ALTAMONT — Taylor Huntley, Executive Director, Program Director, and PATH International Certified Therapeutic Riding Instructor, describes the Albany Therapeutic Riding Center Inc. (ATRC) as a “safe space” for everyone.
Great attention is paid to providing an inclusive, safe atmosphere that meets everyone’s needs, from the saddle chosen to the reins held and the horse that will guide the journey.
The ATRC’s mission of providing assisted programming to everyone remains unchanged since it was founded in 1981 by Christine Lehman. After running ATRC on Lehman’s family farm in Voorheesville for almost 37 years, Huntley joined the team in 2018, and she continues to guide the program forward into the future.
The farm has seven horses that are each unique in their personalities and abilities. A beloved horse on the farm named Jane glides efficiently through her sessions with an experience that puts beginners at ease.
A quarter horse named Luke is an intuitive companion for social and emotional lessons. Apollo’s small, narrow stature inclines Huntley to recommend him for riders who have hypertonicity or spasticity in their lower body.
“It takes an exceptional horse to be a therapeutic riding horse,” said Huntley.
Huntley incorporates both mounted and ground work into the lessons. On horseback, Huntley noted that “the movement is similar to the human gait and therefore may enable the use of muscles that might not be engaged on a regular basis.”
She added, “We love supporting people who might not otherwise be able to access a social or recreational program to enjoy therapeutic horseback riding. People with a wide range of challenges may be aided by therapeutic horseback riding.”
Some of the positive benefits Huntley has noticed in the riding students have included improvements in walking and talking and an increased sense of self-confidence.
“Participants may experience increased core strength, increased balance and stabilization of their gait, improved fine and gross motor skills, problem solving skills, better direction following, increased social and communication skills, and improved mental health,” said Huntley.
Every lesson is tailored to each participant’s specific needs based on an in-depth assessment with the support of conversations with their family, guardians, and support staff in their lives.
“That helps us to develop an idea of what kind of lesson will be best for them, whether it is mounted therapeutic riding or unmounted,” said Huntley, “and what horse and instructor will be most appropriate.”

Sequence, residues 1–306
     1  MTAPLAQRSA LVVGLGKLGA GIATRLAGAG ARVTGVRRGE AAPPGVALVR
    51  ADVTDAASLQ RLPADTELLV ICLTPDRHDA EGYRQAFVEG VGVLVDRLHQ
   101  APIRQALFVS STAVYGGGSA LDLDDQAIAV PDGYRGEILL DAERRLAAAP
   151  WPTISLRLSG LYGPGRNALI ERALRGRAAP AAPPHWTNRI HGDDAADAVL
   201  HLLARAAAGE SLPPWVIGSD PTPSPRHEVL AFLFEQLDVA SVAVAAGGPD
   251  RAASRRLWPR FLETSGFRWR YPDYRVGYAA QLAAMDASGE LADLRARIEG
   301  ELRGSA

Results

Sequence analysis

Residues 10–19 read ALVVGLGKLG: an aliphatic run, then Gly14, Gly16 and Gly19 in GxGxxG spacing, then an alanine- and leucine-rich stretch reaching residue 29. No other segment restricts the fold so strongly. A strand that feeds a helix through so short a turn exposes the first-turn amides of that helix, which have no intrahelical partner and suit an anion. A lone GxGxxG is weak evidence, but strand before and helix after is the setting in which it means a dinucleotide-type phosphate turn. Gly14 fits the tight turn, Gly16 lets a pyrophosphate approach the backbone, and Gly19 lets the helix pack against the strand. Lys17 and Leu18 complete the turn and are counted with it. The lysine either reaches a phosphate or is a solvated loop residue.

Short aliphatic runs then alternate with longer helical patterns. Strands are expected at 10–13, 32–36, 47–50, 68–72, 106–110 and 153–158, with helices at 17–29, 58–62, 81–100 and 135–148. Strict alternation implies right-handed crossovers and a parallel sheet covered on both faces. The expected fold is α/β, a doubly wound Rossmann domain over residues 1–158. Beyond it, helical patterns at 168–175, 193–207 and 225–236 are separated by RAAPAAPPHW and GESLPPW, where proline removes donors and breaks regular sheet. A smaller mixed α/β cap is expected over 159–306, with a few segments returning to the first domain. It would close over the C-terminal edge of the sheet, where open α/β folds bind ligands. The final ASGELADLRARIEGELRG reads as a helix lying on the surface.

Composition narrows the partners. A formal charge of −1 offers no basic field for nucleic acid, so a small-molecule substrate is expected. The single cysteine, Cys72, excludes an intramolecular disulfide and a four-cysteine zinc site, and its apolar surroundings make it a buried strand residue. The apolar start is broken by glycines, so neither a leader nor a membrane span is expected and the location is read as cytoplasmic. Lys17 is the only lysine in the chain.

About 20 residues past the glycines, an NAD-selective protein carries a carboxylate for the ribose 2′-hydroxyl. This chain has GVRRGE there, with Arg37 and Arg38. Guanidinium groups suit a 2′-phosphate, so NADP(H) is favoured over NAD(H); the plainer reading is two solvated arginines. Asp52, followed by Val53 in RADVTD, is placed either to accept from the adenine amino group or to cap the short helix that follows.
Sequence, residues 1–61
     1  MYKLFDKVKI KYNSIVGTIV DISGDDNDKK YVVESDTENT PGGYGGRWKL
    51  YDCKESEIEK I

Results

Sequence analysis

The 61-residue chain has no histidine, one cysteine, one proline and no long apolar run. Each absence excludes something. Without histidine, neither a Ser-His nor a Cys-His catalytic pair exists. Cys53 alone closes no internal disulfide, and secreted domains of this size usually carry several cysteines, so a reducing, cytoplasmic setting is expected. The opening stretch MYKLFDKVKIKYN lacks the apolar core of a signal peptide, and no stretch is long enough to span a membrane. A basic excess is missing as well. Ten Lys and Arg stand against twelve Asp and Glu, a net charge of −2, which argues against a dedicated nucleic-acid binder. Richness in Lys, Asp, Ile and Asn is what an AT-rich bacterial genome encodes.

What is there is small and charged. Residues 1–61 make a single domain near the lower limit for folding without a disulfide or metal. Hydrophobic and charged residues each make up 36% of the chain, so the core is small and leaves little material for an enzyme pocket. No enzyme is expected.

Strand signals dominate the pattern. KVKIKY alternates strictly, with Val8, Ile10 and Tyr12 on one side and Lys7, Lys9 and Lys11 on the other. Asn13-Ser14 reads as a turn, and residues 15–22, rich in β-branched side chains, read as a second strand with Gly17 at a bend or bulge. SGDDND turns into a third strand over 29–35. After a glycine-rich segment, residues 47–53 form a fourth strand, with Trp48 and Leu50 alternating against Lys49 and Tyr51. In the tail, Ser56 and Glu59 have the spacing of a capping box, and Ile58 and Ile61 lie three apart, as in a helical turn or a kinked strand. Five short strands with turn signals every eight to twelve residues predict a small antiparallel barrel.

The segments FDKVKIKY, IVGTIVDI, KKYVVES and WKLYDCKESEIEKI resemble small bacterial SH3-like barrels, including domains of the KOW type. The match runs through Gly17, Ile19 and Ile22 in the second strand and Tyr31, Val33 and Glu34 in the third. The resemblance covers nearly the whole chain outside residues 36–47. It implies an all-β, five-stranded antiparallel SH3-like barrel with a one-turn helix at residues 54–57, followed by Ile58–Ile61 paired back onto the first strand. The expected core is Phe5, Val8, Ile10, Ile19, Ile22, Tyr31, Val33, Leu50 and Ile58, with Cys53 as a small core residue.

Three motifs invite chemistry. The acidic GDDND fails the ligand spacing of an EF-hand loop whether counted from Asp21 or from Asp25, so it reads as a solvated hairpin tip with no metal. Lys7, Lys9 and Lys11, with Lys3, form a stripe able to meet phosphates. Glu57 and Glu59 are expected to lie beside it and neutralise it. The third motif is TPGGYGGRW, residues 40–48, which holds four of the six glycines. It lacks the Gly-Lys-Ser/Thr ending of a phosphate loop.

At the ATRC, there is no strict agenda. Each session is guided through personalized steps forward that are built on a foundation of trust between the person and their horse.
Jasmin Raidoo, a licensed clinical social worker and psychotherapist, is also using horses as a therapeutic tool at Changing Reins Psychotherapy in Saratoga Springs. She and Huntley met as young women boarding horses at the same farm. Now, they collaborate on the same equine-assisted therapy mission.
Raidoo’s program is considered outpatient therapy. While she also provides indoor sessions, a key aspect of her work takes place outdoors with the horses or her therapy dogs.
She specializes in trauma work, specifically trauma-focused equine-assisted therapy. Unlike Huntley’s program, Raidoo doesn’t have any mounted work. Instead, she focuses on interactions with the horses on the ground.
“Essentially, we are two programs that offer interactions with horses, but the key difference is therapeutic goals and how we use horses to reach those goals,” said Raidoo.
Raidoo’s work centers on self-regulation, breathwork, learning coping skills, and using the horses as an opportunity to talk about behavior and interactions.
Studies show that interactions with animals can decrease cortisol levels and increase serotonin in the body. The HeartMath Institute and the Natural Lifemanship Institute post research information about the neurobiology of horses and humans, specifically for trauma work. The University of Denver remains a pioneer in educating practitioners about animal-assisted therapy.
Equine therapy is practiced more widely in western and southern parts of the United States.
“I do think in the Northeast, it will become a more prevalent modality,” said Raidoo. “I hope it continues to grow and be more accessible for the general public, but for the general public, it is important to know where you’re going and that you’re still working with licensed clinicians.”
Raidoo said equine-assisted psychotherapy is research-based and follows specific medical guidelines. The ATRC is a member center of the Professional Association of Therapeutic Horsemanship International (PATH). PATH provides guidelines and standards for best practice and safety for all mounted and unmounted horsemanship.
“It’s so important for me to stress that, because there are a lot of programs out there that advertise help through horses without having a clinical background, ethical practices or the research to support them,” added Raidoo.
She said horses can be such a wonderful asset to treatment when used in the correct way.
As Huntley focuses on short-term and long-term goals in the background of each lesson, she’s noticed how benefits tend to naturally follow the process with time and trust.
“My favorite part of what I do is talking to each participant’s loved ones about how their horsemanship lessons are impacting their everyday lives,” she said.
“All of this comes from the 30 minutes to an hour they spend at the barn weekly, and it is impacting every moment of every day,” said Huntley. “My office is decorated with drawings of all of our horses made by the participants who were impacted by our four-legged staff members the most. Every day we see new and exciting ways that therapeutic riding has affected our participants’ lives.”